Note that there is no reference to a 1910-1915 "hole" in the Ancestry set indicating that it came from a different source.

Note also that a search at the County Clerk Online also fails to show up Samuel. Of course it is possible that the County is working off the Ancestry digitised dataset.

The obituary refers to "Intermal {Interment?} at Rosehill" which did cause me to lean strongly toward Chicago despite the absence of a record, until a Google search suggested that every second Jewish Cemetery in the USA has that name (slight exaggeration)!

If wife Yettchen did die in Cook County on 3 Feb 1913 and was buried at Rosehill two days later, would the children have buried Samuel somewhere else?

The address given for the funeral service certainly looks like it is Chicago (currently the site of Alpha Towers apartments) and there was a funeral chapel there as late as 1947. I would try to find who operated that and hope they had records of shipping his body in (from ...?) for burial.

The really puzzling aspect is where were Samuel (and family) in 1910 at Census time? Might this reflect an anti-guvmint streak in their views? Dodge the census in 1910 and then not register his death in 1920?

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He is in the 1910 and 1900 censuses in Chicago. I am less sure about the 1870 entry, as the wife is named Jennie there. But that's fodder for a different question! –  Gene Golovchinsky Jan 11 '13 at 17:28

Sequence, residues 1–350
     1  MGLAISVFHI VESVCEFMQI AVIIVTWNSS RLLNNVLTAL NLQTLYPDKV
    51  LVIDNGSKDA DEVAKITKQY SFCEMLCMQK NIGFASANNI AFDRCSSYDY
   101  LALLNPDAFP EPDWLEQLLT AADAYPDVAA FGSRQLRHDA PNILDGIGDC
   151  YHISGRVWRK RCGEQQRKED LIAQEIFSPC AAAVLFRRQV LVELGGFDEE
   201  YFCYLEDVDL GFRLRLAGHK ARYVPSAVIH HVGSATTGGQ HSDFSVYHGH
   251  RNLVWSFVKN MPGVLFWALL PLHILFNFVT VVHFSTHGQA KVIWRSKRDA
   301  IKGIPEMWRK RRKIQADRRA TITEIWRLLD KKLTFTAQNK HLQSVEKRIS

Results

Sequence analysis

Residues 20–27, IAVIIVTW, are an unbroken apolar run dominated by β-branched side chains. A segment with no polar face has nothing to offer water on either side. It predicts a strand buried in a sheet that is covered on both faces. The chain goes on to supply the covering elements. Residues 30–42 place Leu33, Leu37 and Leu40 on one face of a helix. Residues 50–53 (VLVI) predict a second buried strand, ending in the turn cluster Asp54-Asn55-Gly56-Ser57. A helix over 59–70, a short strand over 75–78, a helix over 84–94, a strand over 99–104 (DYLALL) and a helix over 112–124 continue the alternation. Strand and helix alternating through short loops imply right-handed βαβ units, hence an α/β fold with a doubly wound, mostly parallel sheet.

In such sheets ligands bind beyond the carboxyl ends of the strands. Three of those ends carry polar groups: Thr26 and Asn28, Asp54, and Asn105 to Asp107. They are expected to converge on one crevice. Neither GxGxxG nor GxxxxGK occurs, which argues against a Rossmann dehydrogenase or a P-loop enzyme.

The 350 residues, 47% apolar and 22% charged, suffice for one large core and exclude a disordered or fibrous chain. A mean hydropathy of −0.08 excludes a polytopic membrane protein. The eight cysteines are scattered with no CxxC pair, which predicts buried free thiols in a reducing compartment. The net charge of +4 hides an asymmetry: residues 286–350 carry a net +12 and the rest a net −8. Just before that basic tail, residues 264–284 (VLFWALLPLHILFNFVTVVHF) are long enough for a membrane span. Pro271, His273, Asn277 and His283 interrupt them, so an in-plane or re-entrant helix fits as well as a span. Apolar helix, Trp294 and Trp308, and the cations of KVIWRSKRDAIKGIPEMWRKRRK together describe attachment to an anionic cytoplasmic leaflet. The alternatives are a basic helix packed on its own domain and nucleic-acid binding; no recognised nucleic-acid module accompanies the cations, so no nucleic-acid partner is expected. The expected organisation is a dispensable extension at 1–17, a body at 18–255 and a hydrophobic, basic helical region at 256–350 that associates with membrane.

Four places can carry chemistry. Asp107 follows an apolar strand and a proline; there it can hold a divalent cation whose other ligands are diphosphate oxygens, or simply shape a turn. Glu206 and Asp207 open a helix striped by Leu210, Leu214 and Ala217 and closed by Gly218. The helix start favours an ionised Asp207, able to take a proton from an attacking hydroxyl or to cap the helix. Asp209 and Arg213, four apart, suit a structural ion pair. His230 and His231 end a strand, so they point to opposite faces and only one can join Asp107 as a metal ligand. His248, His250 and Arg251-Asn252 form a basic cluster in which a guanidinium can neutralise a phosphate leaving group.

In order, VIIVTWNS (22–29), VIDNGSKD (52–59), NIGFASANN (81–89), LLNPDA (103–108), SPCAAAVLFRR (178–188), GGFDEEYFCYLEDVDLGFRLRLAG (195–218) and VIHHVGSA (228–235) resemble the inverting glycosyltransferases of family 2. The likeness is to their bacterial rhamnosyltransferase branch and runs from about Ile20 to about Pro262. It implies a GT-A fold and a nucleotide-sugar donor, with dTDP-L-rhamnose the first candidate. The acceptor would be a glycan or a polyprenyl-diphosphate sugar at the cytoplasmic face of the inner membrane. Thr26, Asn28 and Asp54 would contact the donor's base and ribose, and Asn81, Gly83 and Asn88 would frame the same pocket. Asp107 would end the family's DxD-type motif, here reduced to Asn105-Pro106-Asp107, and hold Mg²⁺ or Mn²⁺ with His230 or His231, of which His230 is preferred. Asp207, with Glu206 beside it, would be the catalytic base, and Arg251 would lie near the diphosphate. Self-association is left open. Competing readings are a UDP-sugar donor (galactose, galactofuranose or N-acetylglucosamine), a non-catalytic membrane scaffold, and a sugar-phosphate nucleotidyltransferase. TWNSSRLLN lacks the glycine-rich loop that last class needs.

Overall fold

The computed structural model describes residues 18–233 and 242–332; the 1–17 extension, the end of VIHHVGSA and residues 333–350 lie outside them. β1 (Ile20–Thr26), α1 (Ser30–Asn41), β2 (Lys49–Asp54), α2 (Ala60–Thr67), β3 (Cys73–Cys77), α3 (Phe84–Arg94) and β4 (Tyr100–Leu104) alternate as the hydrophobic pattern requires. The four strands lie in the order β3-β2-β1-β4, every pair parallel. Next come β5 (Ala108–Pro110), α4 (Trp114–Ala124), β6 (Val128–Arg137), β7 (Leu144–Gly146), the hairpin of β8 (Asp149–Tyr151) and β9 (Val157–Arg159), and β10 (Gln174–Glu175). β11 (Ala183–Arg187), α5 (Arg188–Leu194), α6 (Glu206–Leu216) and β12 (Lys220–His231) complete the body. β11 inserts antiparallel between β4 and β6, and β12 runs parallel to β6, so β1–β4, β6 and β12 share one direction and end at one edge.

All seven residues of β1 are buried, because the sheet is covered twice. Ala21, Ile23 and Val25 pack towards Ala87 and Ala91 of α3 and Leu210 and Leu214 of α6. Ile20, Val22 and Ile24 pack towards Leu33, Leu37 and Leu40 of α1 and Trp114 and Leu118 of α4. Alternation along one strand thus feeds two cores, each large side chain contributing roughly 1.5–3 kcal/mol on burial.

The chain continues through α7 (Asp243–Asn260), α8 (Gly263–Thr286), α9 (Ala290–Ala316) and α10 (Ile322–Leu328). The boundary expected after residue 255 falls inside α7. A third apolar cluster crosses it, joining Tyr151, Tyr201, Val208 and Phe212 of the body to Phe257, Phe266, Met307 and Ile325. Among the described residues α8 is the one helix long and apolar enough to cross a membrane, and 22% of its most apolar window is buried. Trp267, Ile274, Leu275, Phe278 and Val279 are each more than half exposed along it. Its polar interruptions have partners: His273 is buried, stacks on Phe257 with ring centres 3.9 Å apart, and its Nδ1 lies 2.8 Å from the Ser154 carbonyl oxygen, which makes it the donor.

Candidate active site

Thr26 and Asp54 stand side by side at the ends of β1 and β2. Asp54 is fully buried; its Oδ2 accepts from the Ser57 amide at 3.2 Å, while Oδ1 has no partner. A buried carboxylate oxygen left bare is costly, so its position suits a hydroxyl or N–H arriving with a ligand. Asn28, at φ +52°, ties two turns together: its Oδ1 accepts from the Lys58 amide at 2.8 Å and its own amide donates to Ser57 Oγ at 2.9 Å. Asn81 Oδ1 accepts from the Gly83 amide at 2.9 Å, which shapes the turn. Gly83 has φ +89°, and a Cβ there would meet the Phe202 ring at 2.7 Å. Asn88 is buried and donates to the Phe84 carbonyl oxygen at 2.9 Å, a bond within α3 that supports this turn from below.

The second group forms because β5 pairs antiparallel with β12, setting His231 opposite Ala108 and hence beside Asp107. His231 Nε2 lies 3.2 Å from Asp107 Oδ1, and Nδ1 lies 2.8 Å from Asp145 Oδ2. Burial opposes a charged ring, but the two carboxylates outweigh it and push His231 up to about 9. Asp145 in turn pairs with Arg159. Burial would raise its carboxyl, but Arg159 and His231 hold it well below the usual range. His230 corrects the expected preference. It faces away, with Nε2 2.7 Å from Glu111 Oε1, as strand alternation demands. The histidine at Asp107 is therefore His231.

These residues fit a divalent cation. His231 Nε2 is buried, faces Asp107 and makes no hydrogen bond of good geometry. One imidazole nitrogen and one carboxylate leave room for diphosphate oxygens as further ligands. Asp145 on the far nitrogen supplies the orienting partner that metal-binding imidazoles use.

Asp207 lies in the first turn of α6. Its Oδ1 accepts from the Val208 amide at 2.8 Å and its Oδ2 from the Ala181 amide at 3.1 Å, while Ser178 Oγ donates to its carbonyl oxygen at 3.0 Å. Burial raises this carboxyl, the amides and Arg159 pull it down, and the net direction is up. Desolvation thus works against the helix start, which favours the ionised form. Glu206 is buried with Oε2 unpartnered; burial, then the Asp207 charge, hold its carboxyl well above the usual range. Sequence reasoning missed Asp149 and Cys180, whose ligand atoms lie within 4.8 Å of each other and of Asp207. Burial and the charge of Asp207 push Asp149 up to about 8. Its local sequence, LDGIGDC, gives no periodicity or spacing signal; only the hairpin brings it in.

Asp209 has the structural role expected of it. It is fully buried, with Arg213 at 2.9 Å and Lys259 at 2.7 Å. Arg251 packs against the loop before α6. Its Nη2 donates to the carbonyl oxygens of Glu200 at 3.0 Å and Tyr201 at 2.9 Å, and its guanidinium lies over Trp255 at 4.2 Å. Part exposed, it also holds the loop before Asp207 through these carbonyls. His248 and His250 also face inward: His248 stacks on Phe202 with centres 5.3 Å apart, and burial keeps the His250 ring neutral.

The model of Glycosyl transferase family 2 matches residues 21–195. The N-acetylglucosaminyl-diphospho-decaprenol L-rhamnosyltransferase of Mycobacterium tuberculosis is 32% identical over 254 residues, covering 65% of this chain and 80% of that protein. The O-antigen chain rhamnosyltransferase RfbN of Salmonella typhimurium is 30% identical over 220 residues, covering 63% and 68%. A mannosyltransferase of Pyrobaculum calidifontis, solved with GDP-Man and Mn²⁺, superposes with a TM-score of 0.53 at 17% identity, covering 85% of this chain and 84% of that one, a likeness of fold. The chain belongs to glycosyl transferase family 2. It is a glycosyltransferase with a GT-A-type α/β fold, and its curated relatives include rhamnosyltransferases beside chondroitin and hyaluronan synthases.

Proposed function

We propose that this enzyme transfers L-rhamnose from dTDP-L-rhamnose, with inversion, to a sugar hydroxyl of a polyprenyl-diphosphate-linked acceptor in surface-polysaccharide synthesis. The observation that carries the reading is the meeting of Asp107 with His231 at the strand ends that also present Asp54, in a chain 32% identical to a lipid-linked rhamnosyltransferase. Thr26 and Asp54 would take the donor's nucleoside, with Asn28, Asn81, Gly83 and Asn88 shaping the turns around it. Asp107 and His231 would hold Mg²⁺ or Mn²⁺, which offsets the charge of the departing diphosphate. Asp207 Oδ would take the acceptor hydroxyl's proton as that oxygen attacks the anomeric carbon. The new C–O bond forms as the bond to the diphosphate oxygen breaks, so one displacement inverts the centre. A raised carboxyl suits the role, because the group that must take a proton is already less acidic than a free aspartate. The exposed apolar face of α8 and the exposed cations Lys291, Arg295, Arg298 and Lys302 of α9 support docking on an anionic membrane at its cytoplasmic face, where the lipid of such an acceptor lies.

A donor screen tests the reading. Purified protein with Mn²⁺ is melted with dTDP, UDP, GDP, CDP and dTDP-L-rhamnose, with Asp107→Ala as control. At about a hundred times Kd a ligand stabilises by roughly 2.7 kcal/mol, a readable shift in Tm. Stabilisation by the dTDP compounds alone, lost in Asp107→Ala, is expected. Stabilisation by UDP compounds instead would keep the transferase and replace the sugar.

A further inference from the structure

A timely reminder for me to use multiple sources. My quick check of an (unnamed) commercial provider turned up the 1900 but not the 1910. Sorry to trail a red herring! –  Fortiter Jan 12 '13 at 1:12
    
The nice thing about the FamilySearch databases is that you can link to them and everyone can see what you found, unlike some (unnamed) commercial providers. –  Gene Golovchinsky Jan 12 '13 at 1:23

www.cookcountygenealogy.com has a samuel rothschild who died on 9/21/1944. Obviously, not yours. I also checked www.cyberdriveillinois.com and the death index in case the death was outside Chicago. The 1919 death at www.familysearch.org shows that the person was 42 years old. Also not yours.

I would contact the cemetery and see if they have a death certificate in their files or more information. Either they or the funeral home (they should know that) could have a copy.

Best of luck! I even tried Rothchild, but you may also try the soundex and other variations in your search.

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Thanks! I've tried soundex and spelling-variant searches, I've tried searching on dates alone, with and without the first name, with the last name reduced to 'rot*', etc. No luck! –  Gene Golovchinsky Jan 12 '13 at 1:43
    
The funeral chapel no longer seems to exist, so tracking down what happened to their records would take some doing... hoping for lower-hanging fruit! –  Gene Golovchinsky Jan 12 '13 at 1:44
    
Could this possible be your guy? geni.com/people/Max-Marcus-Rothschild/6000000013521068787 –  Wendy Jan 12 '13 at 2:28
    
Seems unlikely. He never used the name "Max" in other records, and the November death is hard to make sense of relative to the January death notice. Also, the Geni record doesn't a spouse or any children. –  Gene Golovchinsky Jan 12 '13 at 3:53